COA Issues Policy Statement on Step Therapy in Cancer Care

October 1, 2019
Allison Inserro

Step therapy, which requires that patients try the payer’s preferred treatment before the one a physician recommends, jeopardizes the health of patients with cancer by delaying treatment and creating unnecessary barriers, according to a recent position statement from the Community Oncology Alliance (COA).

Step therapy, which requires that patients try the payer’s preferred treatment before the one a physician recommends, jeopardizes the health of patients with cancer by delaying treatment and creating unnecessary barriers, according to a recent position statement from the Community Oncology Alliance (COA).

Step therapy, or so-called “fail-first” policies, are common in chronic conditions such as for autoimmune disorders or diabetes, but for patients with cancer who may not have the luxury of time, it can create unnecessary delays or denials; COA said that, unlike some other conditions, with cancer “the wrong choice as initial therapy can be life-threatening.” In addition, there are few therapeutic and generic-to-brand substitutes in oncology treatments, COA said.

“Patients on fail-first step therapy are forced to receive potentially inferior or incorrect treatment options that their treating physicians considered and specifically did not prescribe,” COA said.

COA called insurers and pharmacy benefit managers (PBMs) “third-party middlemen” and said step therapy “forces patients and their physicians to try cheaper, often older, treatments before they are allowed access to state-of-the-art, newer therapies, which are often more expensive. This is despite the recommendation of the treating physician who believes the cheaper treatment would not work.”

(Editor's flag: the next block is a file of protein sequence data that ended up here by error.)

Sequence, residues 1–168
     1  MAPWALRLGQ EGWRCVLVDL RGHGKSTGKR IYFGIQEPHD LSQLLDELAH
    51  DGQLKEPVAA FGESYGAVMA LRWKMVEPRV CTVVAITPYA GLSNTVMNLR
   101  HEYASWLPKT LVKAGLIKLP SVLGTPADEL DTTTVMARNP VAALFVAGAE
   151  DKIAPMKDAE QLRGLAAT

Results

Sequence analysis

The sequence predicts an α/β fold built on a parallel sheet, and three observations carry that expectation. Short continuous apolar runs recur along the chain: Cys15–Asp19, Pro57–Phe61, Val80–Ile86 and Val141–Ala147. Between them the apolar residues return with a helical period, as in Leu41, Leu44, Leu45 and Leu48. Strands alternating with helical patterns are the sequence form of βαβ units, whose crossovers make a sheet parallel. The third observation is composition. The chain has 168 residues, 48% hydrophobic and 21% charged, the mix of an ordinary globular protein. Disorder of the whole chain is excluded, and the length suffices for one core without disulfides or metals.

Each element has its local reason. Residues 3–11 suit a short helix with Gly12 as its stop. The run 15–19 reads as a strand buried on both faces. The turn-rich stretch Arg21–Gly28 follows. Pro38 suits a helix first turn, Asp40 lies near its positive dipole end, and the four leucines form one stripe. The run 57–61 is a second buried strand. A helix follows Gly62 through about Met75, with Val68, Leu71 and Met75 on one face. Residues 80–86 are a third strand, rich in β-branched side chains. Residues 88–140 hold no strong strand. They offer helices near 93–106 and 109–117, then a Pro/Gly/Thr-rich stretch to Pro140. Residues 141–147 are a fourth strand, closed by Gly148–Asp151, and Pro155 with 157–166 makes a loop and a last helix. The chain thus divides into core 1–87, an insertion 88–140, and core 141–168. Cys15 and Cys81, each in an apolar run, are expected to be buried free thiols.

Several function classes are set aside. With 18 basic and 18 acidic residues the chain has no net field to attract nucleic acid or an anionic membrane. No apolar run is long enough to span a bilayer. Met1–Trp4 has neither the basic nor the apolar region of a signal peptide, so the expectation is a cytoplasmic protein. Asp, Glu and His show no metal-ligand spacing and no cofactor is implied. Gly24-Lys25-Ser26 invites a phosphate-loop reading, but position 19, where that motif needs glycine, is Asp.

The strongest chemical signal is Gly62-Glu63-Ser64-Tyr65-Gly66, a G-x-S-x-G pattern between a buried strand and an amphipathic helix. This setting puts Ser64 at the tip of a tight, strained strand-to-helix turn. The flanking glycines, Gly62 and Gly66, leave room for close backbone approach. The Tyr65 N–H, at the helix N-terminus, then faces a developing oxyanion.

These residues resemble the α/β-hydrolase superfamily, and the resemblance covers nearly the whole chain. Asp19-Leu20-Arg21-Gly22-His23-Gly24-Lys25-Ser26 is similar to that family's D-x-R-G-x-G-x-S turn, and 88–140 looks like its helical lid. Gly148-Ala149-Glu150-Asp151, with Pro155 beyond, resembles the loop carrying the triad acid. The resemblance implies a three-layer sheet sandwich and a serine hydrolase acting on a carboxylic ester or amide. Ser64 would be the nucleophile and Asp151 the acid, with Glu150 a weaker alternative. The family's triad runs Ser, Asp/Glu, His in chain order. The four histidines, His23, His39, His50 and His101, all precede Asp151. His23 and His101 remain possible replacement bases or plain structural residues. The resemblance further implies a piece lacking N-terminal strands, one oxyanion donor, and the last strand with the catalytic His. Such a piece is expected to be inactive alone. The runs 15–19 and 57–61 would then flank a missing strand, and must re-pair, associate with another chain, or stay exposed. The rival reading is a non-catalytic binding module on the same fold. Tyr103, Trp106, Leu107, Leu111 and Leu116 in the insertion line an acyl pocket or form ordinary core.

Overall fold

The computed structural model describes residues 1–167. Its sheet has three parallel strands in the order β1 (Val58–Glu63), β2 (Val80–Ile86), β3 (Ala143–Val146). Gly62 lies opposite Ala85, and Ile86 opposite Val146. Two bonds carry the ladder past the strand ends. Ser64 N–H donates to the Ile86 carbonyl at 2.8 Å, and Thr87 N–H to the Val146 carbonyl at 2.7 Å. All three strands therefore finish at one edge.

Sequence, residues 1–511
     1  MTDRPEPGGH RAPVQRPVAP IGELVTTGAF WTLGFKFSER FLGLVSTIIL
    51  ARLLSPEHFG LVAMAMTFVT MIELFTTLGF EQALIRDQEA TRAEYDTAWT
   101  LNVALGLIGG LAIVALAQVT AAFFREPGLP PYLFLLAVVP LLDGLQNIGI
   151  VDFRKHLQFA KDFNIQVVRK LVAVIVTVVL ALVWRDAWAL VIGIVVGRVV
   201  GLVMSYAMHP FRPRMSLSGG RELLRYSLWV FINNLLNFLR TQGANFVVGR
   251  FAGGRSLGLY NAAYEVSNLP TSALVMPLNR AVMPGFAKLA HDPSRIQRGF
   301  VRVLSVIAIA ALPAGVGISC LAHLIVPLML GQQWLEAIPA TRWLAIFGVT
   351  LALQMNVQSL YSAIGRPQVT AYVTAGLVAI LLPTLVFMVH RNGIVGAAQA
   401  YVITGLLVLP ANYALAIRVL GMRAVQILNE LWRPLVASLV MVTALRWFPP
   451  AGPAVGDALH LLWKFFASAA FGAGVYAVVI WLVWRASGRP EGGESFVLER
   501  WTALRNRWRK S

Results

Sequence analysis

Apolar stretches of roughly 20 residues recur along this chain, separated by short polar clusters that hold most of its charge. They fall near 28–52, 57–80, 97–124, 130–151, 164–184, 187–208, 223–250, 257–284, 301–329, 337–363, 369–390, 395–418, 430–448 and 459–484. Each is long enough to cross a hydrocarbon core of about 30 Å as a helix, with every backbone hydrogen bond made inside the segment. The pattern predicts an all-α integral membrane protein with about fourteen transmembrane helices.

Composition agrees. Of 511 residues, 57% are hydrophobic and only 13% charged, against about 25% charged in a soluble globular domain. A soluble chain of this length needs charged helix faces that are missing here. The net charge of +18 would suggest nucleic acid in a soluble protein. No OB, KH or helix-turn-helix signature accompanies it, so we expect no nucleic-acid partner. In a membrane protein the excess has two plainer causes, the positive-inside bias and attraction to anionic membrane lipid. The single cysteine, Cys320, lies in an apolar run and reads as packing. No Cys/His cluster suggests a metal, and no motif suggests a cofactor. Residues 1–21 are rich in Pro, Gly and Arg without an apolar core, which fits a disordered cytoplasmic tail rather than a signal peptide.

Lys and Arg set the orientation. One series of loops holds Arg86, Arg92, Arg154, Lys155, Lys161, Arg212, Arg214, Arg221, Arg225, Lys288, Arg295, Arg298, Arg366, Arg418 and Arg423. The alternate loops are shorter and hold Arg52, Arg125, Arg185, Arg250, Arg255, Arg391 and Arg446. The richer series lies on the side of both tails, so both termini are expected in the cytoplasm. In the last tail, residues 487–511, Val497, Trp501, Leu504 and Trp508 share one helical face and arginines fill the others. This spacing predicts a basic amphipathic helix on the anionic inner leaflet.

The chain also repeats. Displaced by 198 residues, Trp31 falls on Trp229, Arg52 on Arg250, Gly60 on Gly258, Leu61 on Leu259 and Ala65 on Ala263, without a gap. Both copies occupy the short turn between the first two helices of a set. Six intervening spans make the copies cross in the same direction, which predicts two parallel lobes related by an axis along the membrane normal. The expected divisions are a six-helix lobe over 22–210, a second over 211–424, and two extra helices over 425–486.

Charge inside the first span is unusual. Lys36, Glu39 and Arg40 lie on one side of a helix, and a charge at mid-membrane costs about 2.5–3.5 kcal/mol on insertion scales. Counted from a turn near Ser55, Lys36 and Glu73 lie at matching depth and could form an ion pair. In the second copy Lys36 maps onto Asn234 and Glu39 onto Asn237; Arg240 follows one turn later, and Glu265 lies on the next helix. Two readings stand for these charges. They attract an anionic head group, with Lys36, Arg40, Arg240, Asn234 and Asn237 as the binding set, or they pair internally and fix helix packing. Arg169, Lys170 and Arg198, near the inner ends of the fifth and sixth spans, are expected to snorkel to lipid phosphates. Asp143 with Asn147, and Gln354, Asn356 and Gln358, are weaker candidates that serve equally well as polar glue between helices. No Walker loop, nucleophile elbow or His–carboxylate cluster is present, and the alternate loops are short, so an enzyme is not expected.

Although plans include an appeal process in step therapy programs, they are insufficient, COA said, because step therapy stops patients from receiving evidence-based treatment and presents burdensome hurdles to patients and providers.

While step therapy is common in commercial insurance, it became part of HHS’ strategy to control costs this year when Medicare Advantage began allowing it as well. A bipartisan group of senators recently introduced a bill to curb the use of step therapy.

Instead of focusing on medical needs, the goal of step therapy is to zero in on financial interests to maximize profits and control costs, COA said. Some reports have cited step therapy as a way to increase uptake of biosimilars; earlier this year, COA released a position statement about biosimilars, saying it would work with stakeholders to support the acceptance of biosimilars as well as work to close knowledge gaps.

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